Thermal Noise Floor and Increasing Signal-to-Noise Ratio
Low frequency noise and thermal noise can be significantly amplified in some systems
Noise can’t be avoided in your electronic systems. Smart design choices can help make your system relatively immune to some noise sources, but there is one source of noise that you can’t avoid: thermal noise. In systems for gathering sensitive measurements and other communication systems, the thermal noise floor sets the minimum noise level you can hope to achieve.
There are other intrinsic noise sources in electronic components that are unavoidable and will appear alongside thermal noise. This creates a complicated noise environment that can be difficult to analyze, especially when other noise sources are present in an electronic system. Here’s how the thermal noise floor determines the minimum level of noise on can hope to see in an electronic system and what you can expect to measure in a real PCB.
What Determines the Thermal Noise Floor?
Simply put, the temperature of the system determines the thermal noise floor. When the temperature of the system is higher, the thermal noise floor will be higher. When we say noise floor, we are referring to the same idea as a general noise floor. In the absence of any broadband noise sources, 1/f noise, or Brownian noise, the minimum noise level you can hope to measure in an electronic system is the thermal noise floor.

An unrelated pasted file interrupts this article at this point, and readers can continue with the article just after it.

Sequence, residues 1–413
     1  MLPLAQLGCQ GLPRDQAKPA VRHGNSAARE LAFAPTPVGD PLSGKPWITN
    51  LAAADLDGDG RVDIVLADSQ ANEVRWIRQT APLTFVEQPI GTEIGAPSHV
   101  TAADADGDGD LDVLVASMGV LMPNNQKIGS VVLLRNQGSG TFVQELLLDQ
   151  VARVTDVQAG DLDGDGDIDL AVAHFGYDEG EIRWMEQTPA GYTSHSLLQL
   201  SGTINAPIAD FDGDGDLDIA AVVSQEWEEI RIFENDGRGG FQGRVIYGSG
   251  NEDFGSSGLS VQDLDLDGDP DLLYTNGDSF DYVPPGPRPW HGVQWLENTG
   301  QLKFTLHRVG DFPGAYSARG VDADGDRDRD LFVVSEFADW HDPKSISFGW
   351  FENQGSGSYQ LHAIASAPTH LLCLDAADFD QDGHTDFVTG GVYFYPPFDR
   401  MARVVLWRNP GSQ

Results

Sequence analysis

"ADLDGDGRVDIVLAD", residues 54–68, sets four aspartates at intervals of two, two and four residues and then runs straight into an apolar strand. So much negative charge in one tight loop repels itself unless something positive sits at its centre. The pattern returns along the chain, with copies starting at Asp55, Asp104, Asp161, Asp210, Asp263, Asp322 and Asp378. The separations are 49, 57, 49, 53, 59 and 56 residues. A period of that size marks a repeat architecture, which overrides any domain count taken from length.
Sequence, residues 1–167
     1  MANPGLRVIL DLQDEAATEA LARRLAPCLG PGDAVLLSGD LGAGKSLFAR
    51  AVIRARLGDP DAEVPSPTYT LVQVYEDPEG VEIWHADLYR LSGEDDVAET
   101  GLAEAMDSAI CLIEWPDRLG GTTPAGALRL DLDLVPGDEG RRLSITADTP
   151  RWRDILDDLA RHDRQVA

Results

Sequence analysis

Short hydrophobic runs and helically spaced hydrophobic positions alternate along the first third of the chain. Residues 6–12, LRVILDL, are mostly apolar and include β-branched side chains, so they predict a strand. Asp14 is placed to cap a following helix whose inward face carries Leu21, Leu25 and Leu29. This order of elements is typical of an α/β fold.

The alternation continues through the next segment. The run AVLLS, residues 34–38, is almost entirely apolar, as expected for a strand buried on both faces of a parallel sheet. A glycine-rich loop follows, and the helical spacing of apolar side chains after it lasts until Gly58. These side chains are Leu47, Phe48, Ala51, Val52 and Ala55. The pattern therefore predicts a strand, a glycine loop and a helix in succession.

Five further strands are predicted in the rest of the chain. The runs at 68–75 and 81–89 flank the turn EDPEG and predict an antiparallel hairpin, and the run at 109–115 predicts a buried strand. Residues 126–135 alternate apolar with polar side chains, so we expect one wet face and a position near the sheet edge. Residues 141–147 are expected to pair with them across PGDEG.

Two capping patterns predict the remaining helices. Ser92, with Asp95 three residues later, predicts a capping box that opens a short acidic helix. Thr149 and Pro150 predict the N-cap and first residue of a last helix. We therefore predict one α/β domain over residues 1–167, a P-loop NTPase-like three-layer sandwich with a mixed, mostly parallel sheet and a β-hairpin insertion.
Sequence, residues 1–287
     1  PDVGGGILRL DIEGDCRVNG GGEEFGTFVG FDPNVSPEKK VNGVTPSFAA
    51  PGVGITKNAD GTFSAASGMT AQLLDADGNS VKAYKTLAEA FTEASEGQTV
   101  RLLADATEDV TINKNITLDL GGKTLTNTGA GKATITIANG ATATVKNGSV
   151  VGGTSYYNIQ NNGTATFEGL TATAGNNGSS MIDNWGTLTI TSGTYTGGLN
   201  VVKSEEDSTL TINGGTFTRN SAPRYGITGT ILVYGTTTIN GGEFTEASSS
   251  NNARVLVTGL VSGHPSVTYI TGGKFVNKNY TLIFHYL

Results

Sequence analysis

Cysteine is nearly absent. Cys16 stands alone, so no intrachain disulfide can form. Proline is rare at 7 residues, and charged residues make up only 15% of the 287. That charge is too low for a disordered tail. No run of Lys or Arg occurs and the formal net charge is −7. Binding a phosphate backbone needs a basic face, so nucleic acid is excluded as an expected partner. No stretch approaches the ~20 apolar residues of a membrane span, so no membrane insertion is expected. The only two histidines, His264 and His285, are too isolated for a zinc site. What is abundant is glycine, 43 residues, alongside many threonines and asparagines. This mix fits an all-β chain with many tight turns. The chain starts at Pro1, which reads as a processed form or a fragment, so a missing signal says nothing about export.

Analyzing noise, in general, can be difficult as there are a variety of intrinsic noise sources, and these intrinsic noise sources are unique to different systems. Perhaps the most important aspect is describing the behavior of 1/f noise and Brownian noise at low frequencies. Development of stochastic models that describe the general statistical nature of 1/f noise and Brownian noise has been an active area of research for nearly a century. These models have been used to describe noise behavior in electronics, optics, finance, economics, biology, and other areas.
In an electronic system, the thermal noise floor will manifest at a sufficiently high frequency when a voltage is measured across a reference resistor. At low frequency, 1/f noise and Brownian noise will dominate, and these noise sources will be unique to the particular system being studied. At sufficiently high currents to avoid shot noise, the 3 primary intrinsic noise sources that might be measured are thermal noise, 1/f noise, and Brownian noise. The temporal waveforms and power spectral densities of these sources are shown below.
Types of noise in electronic circuits and their power spectral densities
When Does the Thermal Noise Floor Dominate?
As 1/f noise and Brownian noise fall off with increasing frequency, eventually the noise floor will converge to the thermal noise floor. Any noise source that is more intense than thermal noise floor will sit above the thermal noise floor and can be easily seen in a spectrum analyzer measurement.